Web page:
Here are the new dances I animated for season 4 of Teen Titans GO! Which just aired on Cartoon Network. Let me know which one is your favorite and be sure to follow me on Instagram at https://www.instagram.com/hayk_art/
So I’ve been overwhelmed by the black panther comicon appearance and I’ve been dwelling on how revolutionary the black panther movie is going to be, what it’s going to mean to countless people when this movie comes out and how long we still have to go, So I decided to put this short photoset together to illustrate exactly how big of a deal it is and how it is bigger than one person.
it’s so bittersweet because when I was younger (especially growing up where I did, a black kid in Finland) I really wished I had more access to imagery and media that reflected who I was because it would have made my life radically different for the better and I wouldn’t be at 26 (STILL) doing damage control but on the flipside, I’m so in awe of all of the beautiful talent in 2016 that younger black kids are able to see and be inspired by.
I think I was like 4 years old when I conciously picked up race and color via watching Disney’s “Aladdin” and I noticed how Jafar, the evil royal guards etc the villains were more ethnic looking or a shade darker than the “good” characters.
it’s insidious because you’re seeing something but at age 4, you don’t have the comprehension skill or knowledge to break it down and see it for what it is (Colorism, Societal bias against black people which is rooted in centuries of white supremacist doctrine, society associates things that are dark/darker colors with evil, danger, ugliness, dirt etc) and reject it.
so you pick it up and see it on a surface level and you think to yourself “well darker must mean ugly, criminal and less human”…then what happens when you look at yourself in the mirror and find out that you are black?
and guess what? if a 4 year old black kid can pick that up and internalize that about him/her/themselves….then a white kid can sponge up the same language and imagery that dehumanizes black people too (subconciously/conciously)…what happens when when these people grow up? become teachers, doctors, law enforcement etc? what kind of impact is that going to have?
I’m going off on a tangent and that’s just one personal example but society does that on a global grand scale and it is largely unchecked.
but honestly though,look at the photoset and think about how many talented people out there that we love and respect….who would NOT have achieved the things they did if it wasn’t for another person before them inspiring them to reach their goals and acting as trail blazers when it seemed as though it was impossible….then think about the flipside and how many people, with all the potential in the world, never lived to become great because they were met with more images dehumanizing them than ones uplifting them…this is why the fight for HONEST representation is important and it continues.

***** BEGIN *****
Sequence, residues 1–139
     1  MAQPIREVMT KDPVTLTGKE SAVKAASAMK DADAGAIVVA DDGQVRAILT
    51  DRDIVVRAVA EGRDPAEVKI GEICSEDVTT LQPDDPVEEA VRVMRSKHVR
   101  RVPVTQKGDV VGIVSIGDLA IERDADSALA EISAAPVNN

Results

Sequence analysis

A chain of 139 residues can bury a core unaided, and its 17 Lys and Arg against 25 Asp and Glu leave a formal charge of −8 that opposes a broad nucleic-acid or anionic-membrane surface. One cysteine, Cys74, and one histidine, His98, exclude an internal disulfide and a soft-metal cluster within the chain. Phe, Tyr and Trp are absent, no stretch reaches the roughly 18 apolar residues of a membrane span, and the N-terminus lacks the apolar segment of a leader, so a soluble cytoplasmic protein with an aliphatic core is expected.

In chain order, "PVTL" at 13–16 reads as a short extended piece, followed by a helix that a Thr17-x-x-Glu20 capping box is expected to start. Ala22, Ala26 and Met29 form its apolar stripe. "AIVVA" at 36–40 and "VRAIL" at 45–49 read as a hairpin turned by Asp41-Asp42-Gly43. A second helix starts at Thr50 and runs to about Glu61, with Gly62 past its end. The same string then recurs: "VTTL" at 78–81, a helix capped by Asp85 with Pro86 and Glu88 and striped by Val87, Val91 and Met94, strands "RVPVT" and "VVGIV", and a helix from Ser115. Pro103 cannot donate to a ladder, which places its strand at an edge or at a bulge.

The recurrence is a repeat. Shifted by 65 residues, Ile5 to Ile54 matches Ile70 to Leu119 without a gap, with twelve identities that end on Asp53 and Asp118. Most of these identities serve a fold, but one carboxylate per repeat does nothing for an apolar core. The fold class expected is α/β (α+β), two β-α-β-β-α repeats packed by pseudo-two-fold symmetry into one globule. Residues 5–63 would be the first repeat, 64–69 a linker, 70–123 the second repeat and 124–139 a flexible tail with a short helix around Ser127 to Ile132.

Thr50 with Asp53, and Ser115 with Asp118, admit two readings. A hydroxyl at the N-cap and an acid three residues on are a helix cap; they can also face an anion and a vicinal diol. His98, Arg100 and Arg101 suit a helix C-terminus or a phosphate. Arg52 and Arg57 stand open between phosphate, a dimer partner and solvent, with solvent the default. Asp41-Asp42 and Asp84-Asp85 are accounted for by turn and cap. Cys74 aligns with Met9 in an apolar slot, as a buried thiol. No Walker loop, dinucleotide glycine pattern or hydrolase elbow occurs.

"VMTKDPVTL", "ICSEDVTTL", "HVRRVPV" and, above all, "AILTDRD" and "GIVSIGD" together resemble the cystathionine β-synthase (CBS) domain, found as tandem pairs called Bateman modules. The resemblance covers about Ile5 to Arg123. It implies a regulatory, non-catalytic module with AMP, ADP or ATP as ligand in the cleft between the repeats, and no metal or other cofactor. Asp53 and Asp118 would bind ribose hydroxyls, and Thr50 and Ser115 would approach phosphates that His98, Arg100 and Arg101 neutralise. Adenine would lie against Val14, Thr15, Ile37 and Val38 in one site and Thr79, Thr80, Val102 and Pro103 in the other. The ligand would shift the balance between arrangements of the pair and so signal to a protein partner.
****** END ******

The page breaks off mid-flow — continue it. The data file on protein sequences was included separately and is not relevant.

Happy New Year to you all! I hope you have a great new year filled with love, friendship and all the good things that life brings. 2016 was the best year yet for the page, thank you so much for your continued support old and new followers alike! And remember I’m always happy to receive messages with suggestions for things you’d like to see on the page, so let me know!
Clyde Stubblefield, the funk drummer whose work with James Brown made him one of the most sampled musicians in history, died Saturday morning in Madison, Wisc., his publicist confirmed. Stubblefield was 73; his publicist did not provide a cause of death.
For most of his career, Stubblefield was better known in sound than in name. He joined James Brown’s backing band in 1965, one of countless musicians on an ever-rotating roster. As he told NPR in 2015, the ensemble seemed to have more than enough drummers already when he showed up to audition. “I went on stage and there was five drum sets up there,” he explained. “And I’m going, ‘Wow, what do you need me for?’”
Still, his recordings with Brown managed to rise above the competition: Songs like “Cold Sweat,” “Say It Loud — I’m Black And I’m Proud” and “Mother Popcorn” are now revered as a gold standard for funk drumming. A generation later, he would have an even bigger impact on hip-hop, as the pattern he’d played on 1970’s “Funky Drummer” proved irresistible to producers. The track’s distinctive break, a sixteenth beat punctuated by deft, delicate snare hits, has been sampled on hundreds of songs. [Read More]